While some people are still wondering, 'What's a GMO?' others are urging politicians to support a bill that would make Connecticut the first state to require that Genetically Modified Organisms be listed on fool labels.
The prevailing point of view among hundreds who trekked through the rain to the ballroom at the on Sunday for an event billed "Don't be Fooled by GMOs," was that citizens have the right to know what is in their food.
Surprise panelist US Sen. Richard Blumenthal (D-Greenwich) joined state representatives , , Jonathan Steinberg, Dick Roy, and , who all spoke in favor of the GMO labeling bill, HB 5117.
"This is an issue where the recurring quality is the consumer's right to know," said Blumenthal.
The forum, sponsored by , WakemanTown Farm and Right to Know CT, drew attention to the fact that the US Food and Drug Administration (FDA) does not require GMO testing. According to Right to Know CT's website, genetically engineered foods are in 80% of packaged foods. Genetically Engineered foods, which are derived from GMOs, have never been proven safe for human consumption but have been on the market for the last two decades.
Forum host and , owner of Café recently explained in his blog that "GMOs are genetically modified organisms that are produced by taking the genes from one species (i.e. animals, plants, bacteria or viruses) and literally forcing those genes into the DNA of a food crop or an animal to introduce a new trait."
GMOs have grown enormously in the United States, though every panelist contrasted that news with the fact that 50 countries have already severely limited or banned GMOs.
When 'Natural' Means Nothing
Guest speaker Analiese Peik of the Fairfield Green Food Guide pointed out that rules on food labeling fall short, and, for example, the claim "100 percent Natural" is meaningless.
Steinberg added, "We have been asleep at the switch. We didn't know any better. We've heard many people say that we expected the FDA to be looking out for our interests. The FDA doesn't get that yet."
Appealing to the next generation
Former New York City prosecutor turned Holistic Health Counselor, Tara Cook-Littman, shared stories of children's reactions to learning about GMOs for the first time. At Saturday's at , Cook-Littman said, "These children looked at me and they said, 'Well, that's weird,' and a lot of them said said, 'Ewwww!' and I have to say these are children, without filters, who are just speaking the truth."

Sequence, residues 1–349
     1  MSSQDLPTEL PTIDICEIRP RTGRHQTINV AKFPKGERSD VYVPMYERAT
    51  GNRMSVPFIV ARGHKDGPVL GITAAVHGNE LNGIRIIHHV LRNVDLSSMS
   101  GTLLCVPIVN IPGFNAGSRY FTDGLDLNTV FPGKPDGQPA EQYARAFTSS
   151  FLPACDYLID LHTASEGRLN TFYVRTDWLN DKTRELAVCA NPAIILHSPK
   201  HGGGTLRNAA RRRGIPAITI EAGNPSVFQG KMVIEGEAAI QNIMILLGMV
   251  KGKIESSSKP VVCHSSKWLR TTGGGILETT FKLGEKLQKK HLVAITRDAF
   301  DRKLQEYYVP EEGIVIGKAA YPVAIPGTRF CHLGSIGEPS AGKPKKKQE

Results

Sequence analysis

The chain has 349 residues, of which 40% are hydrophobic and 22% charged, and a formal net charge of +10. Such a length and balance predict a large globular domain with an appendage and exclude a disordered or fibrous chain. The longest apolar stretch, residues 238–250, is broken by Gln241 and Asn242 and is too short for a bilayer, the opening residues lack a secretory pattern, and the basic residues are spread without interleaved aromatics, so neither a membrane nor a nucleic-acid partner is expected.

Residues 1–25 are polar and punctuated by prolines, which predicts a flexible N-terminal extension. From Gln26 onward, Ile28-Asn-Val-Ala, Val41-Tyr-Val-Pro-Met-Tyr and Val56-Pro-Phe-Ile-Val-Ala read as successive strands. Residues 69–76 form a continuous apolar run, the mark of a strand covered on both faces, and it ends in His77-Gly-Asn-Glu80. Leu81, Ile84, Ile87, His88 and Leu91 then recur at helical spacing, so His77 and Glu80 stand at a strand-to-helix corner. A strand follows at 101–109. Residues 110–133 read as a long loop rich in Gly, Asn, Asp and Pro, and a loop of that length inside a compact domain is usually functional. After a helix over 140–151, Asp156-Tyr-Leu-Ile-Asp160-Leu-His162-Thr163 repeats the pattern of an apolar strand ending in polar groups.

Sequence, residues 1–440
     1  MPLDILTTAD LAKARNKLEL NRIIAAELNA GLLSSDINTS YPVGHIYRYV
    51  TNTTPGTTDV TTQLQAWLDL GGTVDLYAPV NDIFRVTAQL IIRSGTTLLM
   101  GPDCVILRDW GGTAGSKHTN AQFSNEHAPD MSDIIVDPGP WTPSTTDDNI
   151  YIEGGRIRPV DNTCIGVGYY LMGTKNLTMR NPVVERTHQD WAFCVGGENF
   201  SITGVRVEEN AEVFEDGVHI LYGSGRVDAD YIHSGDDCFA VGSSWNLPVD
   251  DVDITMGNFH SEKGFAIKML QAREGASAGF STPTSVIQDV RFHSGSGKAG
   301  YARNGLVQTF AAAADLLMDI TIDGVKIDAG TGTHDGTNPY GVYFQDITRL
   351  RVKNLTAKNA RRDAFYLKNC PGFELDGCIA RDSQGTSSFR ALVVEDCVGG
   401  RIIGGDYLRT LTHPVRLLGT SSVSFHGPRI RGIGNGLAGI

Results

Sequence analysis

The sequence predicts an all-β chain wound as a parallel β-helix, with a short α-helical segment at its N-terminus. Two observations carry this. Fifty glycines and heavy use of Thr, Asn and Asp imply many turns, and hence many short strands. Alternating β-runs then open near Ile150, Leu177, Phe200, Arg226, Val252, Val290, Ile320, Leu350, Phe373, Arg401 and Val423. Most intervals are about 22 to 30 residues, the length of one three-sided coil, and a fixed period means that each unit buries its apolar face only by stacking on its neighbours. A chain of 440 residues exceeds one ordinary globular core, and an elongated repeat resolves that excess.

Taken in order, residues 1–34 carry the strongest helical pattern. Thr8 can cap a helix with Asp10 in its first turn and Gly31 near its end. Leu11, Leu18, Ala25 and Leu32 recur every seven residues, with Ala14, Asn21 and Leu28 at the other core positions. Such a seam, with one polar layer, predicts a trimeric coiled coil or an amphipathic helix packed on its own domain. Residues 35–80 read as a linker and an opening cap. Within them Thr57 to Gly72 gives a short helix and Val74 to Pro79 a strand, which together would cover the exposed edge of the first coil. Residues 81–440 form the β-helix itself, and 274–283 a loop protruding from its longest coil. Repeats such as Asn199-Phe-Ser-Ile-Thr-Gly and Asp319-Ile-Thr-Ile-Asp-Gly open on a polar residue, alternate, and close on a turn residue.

The high number of high school students at the forum was hard to miss, though the presence of Michael Aitkenhead, Program Director at Wakeman Town Farm(WTF) who doubles as an AP Environmental Science teacher at , may not have been a coincidence. According to Liz Beller, chair of WTF committee, "Mike has taken farming and made it cool for kids."
Give Me Organic
Cook-Littman shared some advice. "If you eat organic then, in theory you are okay. You are not eating GMOs," she said. Breaking out in a smile she spoke of a chef friend of hers named Daniel Lanzilotta, who recently suggested that GMO should instead stand for "Give Me Organic."
Fawcett recalled a time not long ago when when she first learned about GMOs from a colleague. "She struck all the right chords with me when she said, 'You're a mom, Kim. You need to care about this. Do you know what you're feeding your children?'" Fawcett went on to say she always assumed the FDA would not let the food chain become dangerous. "There is this notion, that we trust our federal government."
Panelists Cook-Littman and Colello, both certified health counselors who organize educational events on health and wellness topics, both suggested that if just 5 percent of people voiced their opposition to GMOs, the movement would reach a tipping point.
Hwang encouraged said "You are ambassadors. You are advocates. This is a simple concept of 'Right to Know.' You can make a with your peers."
Ten-term state representative Dick Roy, who drafted the GMO labeling bill, HB 5117, said the language of the bill should be finalized this week. Roy urged the hundreds in attendance to write to their legislators. "Bad things happen when good people fail to act," warned Roy.
Anyone wishing to contact their Connecticut state representatives to lend their support to the GMO labeling bill can find links on Right To Know CT.
For a list of hidden GMO ingredients and tips for avoiding GMOs, go to www.NonGMOShoppingGuide.com